Last night, as the Cleveland Cavaliers were busy throwing away a potential victory over the second place Toronto Raptors, I had to keep repeatedly telling myself the same thing – the season isn’t over.
When you follow a Cavs game like last night’s 99-97 defeat in Toronto on Twitter, keeping to this mantra is a necessity. Cleveland Twitter is a dangerous place during ugly losses, to the point where the Cavs’ season has been deemed a failure at least five or six times already this year. However, I don’t think the loss to the Raptors means Cleveland’s season is already finished.
Was it ugly? Was the defensive effort, especially when it came to guarding Toronto All-Star Kyle Lowry, a disgrace? Did the Cavs essentially gift-wrap the game for their opponent?
Yes on all accounts. At the same time, seasons aren’t won or lost in February.
That said, I’m certainly not shrugging off last night’s game, or this incredibly inconsistent week of basketball. This Cavs team is still full of flaws, and right now, it has a ways to go before becoming a championship caliber squad.
Anyone who’s watched Cleveland this year knows the past week has been a microcosm of the entire season.
There was the thorough beat-down of the Oklahoma City Thunder on their own court last Sunday, seen by many as one of the Cavs’ signature wins of the year. So, it was only natural to follow it up the very next night with a dud of a loss to the visiting Detroit Pistons. The offense fired on all cylinders in the rebound victory over the Charlotte Hornets, but then came last night’s game against the Raptors.
Every time you thought Cleveland was starting to look like the true team to beat in the East, old habits returned. The team’s big three – LeBron James, Kevin Love and Kyrie Irving – have followed up excellent games with miserable performances. The Cavs’ defense will shift between suffocating and pillow-soft in the span of 48 hours.
It all adds up to the main reason why Cleveland still can’t be considered a true threat to make a championship run this year. The team overall seems completely unable to generate consistency.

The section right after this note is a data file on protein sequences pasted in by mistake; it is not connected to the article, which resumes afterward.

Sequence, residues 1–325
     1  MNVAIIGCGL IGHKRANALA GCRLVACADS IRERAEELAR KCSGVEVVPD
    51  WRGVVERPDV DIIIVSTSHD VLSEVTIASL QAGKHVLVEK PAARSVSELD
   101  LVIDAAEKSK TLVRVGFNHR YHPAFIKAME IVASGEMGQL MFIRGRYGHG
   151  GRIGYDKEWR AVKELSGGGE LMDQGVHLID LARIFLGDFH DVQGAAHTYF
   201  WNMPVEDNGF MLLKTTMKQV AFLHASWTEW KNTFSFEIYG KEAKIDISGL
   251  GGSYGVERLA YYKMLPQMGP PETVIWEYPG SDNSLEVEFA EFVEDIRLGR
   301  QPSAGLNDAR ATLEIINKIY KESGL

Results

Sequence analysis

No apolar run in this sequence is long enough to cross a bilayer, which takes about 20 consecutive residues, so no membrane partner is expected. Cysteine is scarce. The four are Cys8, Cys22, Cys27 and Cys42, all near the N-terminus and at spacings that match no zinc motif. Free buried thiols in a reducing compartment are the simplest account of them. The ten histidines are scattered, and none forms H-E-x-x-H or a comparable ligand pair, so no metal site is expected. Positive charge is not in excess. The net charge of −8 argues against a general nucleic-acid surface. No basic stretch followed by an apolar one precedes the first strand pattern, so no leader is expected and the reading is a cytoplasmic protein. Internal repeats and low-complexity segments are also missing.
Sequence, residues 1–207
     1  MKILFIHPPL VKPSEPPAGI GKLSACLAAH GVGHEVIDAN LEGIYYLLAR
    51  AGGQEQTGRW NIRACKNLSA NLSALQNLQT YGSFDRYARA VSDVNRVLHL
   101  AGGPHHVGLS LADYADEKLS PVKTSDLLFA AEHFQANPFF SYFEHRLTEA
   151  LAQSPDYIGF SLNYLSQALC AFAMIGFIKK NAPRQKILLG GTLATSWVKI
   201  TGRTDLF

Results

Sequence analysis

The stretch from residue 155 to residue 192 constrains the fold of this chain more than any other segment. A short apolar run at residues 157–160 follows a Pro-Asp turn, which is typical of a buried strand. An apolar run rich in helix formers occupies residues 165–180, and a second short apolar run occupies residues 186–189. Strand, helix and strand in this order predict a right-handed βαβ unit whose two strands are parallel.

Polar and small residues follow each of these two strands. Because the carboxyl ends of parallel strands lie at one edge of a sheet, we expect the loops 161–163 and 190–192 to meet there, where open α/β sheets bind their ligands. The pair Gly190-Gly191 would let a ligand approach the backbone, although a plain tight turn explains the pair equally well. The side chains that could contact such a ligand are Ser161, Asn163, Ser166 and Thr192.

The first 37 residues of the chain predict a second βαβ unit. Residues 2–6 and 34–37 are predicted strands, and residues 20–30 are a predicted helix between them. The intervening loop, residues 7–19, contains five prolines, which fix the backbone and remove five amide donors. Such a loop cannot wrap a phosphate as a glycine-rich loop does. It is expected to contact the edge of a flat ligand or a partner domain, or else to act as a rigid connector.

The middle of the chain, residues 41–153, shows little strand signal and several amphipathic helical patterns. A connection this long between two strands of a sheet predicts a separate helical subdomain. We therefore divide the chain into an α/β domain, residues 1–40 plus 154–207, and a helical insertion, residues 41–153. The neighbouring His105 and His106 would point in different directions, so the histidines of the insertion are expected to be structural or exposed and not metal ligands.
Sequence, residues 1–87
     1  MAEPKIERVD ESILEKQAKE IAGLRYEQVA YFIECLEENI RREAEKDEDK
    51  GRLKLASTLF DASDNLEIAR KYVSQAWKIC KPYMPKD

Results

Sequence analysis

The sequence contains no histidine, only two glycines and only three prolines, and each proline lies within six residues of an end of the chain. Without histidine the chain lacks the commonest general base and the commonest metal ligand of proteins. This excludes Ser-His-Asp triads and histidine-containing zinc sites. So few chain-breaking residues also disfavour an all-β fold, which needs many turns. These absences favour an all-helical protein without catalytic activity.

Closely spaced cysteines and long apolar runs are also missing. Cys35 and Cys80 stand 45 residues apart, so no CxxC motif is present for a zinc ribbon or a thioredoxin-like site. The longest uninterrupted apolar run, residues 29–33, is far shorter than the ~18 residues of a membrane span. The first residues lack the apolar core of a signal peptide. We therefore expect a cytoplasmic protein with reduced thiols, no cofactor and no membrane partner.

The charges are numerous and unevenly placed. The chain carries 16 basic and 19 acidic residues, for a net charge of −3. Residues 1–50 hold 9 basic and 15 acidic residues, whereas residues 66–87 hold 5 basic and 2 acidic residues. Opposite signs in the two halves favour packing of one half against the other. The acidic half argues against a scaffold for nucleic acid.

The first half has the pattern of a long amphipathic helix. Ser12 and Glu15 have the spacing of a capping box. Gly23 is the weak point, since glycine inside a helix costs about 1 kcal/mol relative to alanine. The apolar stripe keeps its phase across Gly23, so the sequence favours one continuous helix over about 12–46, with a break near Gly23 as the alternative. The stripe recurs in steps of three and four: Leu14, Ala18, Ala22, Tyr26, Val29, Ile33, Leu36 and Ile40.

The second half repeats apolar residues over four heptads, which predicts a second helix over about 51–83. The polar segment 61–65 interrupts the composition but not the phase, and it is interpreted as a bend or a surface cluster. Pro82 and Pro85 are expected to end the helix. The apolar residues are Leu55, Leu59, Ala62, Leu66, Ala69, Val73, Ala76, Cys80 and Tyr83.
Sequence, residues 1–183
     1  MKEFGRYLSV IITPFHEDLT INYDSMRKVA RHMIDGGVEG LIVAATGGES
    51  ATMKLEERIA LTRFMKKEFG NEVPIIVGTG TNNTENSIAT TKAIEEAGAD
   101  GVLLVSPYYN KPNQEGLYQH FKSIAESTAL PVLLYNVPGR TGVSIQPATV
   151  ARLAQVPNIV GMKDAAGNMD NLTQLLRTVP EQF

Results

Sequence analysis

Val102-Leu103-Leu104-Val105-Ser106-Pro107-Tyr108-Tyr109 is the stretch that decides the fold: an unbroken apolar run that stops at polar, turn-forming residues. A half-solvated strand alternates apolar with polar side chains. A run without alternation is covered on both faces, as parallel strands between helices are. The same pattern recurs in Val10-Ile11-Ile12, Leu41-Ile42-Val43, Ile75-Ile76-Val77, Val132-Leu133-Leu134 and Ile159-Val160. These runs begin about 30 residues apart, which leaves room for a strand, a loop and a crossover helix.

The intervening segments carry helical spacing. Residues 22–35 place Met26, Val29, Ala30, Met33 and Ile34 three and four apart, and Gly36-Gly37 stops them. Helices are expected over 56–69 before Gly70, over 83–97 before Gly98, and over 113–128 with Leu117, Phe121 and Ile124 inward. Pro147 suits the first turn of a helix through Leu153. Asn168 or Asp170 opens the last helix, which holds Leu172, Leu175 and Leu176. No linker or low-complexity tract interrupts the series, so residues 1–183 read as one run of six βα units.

The most frustrating part about this is the fact it all seems to be based solely on individual effort. The players see exactly what it takes to dismantle a team like the Thunder and show no interest in generating any of it facing a lesser club like the Pistons. The Cavs will up the intensity on defense until they have a comfortable lead only to then immediately take their foot off the gas.
I have no idea what the explanation is behind any of this. Why a team with championship expectations can’t seem to generate any momentum whatsoever due mostly to issues in giving consistent effort is beyond me.
However, whatever the reasoning is, Cleveland is running low on time to figure it out.
The Cavs have 25 games left before the postseason. While it may seem like a lot, enough to at least merit not panicking, these remaining contests will go by quicker than you think. In this time, Cleveland is going to have to look within and figure out what the issues are, because this kind of playing style won’t lead to a lengthy playoff run.
I’d understand the logic behind saying, “Who cares? They flipped the switch in no time last postseason.” At the same time, the players losing a game like last night’s during a week like this past one and shrugging it off under the belief they’ll just wait till the postseason to figure it out seems like a strategy sure to backfire.
Again, I have no idea what’s causing a team full of veterans to follow up dominant wins with uninspired losses. But whatever it is, it’s making Cleveland’s road to the postseason a rocky one.
You can use the “there’s still time” excuse all you want, but this claim is coming close to expiring. The Cavs still have sizable problems to figure out as the playoffs near, and until these are solved, there’s no sense in thinking about a potential championship anytime soon.